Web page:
Cultivation, Agriculture, etc.—The ancient prosperity of Egypt is attested by the Bible as well as by the numerous monuments of the country. As early as the age of the great pyramid it must have been densely populated. The contrast of the present state of Egypt with its former prosperity is more to be ascribed to political than to physical causes. Egypt is naturally an agricultural country. Vines were extensively cultivated. Of fruit trees, the date palm was the most common and valuable. The gardens resembled and fields, being watered in the same manner by irrigation. Egypt has neither woods nor forests. The commonest large trees are the sycamore fig, the acacia and the mulberry, the date palm and the banana. The best-known fruits are dates, grapes, figs, pomegranates, peaches, oranges, lemons, bananas, melons, olives, and mulberries. All kinds of grain are abundant. The gardens produce peas, beans, lentiles, celery, radishes, carrots, lettuce, tomatoes, cucumbers, etc. Tobacco, sugar cane, cotton, hemp, and flax are raised. The ancient reed, the papyrus, is nearly extinct.—Encyc. Brit.

Religion.—The basis of the religion was Nigritian fetichism, the lowest kind of nature worship, differing in different parts of the country, and hence obviously indigenous. There were three orders of gods—the eight great gods, the twelve lesser, and the Osirian group. The great doctrines of the immortality of the soul, man’s responsibility, and future rewards and punishments, were taught. Among the rites, circumcision is the most remarkable: it is as old as the time of the fourth dynasty.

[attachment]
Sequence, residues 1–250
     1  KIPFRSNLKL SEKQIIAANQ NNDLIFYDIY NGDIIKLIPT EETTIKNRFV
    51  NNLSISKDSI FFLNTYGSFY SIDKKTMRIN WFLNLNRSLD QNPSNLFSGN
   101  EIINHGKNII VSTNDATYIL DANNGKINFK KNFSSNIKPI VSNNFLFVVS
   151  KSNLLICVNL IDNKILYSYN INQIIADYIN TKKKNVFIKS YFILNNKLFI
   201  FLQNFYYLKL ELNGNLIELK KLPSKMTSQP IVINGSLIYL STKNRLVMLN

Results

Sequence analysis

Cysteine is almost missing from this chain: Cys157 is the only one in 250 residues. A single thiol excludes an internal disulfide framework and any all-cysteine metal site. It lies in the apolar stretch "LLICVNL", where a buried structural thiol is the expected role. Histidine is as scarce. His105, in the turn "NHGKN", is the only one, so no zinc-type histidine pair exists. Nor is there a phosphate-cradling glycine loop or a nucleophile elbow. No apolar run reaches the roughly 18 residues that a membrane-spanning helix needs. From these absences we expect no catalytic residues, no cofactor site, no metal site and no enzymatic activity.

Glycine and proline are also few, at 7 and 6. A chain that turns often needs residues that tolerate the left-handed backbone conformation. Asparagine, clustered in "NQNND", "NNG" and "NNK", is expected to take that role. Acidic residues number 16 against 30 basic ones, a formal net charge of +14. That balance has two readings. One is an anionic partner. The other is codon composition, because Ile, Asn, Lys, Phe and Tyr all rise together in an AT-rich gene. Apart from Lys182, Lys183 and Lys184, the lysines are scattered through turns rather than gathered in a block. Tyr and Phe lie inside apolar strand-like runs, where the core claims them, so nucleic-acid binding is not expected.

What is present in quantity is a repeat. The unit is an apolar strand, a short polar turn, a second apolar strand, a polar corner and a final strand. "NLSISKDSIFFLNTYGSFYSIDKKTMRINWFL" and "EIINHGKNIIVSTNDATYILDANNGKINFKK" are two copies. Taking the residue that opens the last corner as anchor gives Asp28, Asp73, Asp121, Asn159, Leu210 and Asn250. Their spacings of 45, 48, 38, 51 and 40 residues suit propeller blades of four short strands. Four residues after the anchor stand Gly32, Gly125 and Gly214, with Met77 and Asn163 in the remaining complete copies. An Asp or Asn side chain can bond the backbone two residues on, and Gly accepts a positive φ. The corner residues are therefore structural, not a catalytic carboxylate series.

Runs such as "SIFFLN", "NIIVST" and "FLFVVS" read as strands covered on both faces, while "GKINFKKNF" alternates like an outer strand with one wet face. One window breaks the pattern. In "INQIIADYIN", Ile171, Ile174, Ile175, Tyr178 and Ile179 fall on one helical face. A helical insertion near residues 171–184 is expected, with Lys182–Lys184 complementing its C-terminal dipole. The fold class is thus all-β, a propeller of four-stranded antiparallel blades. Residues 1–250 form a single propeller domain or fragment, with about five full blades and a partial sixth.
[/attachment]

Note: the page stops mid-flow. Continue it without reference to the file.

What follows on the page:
Domestic Life.—The sculptures and paintings of the tombs give us a very full insight into the domestic life of the ancient Egyptians. What most strikes us in their manners is the high position occupied by women, and the entire absence of the harem system of seclusion. Marriage appears to have been universal, at least with the richer class; and if polygamy were tolerated it was rarely practiced. There were no castes, although great classes were very distinct. The funeral ceremonies were far more important than any events of the Egyptian life, as the tomb was regarded as the only true home.

Industrial Arts.—The industrial arts held an important place in the occupations of the Egyptians. The workers in fine flax and the weavers of white linen are mentioned in a manner that shows they were among the chief contributors to the riches of the country. Isa. 19:9. The fine linen of Egypt found its way to Palestine. Prov. 7:16. Pottery was a great branch of the native manufactures, and appears to have furnished employment to the Hebrews during the bondage. Ps. 68:13; 81:6; comp. Ex. 1:14.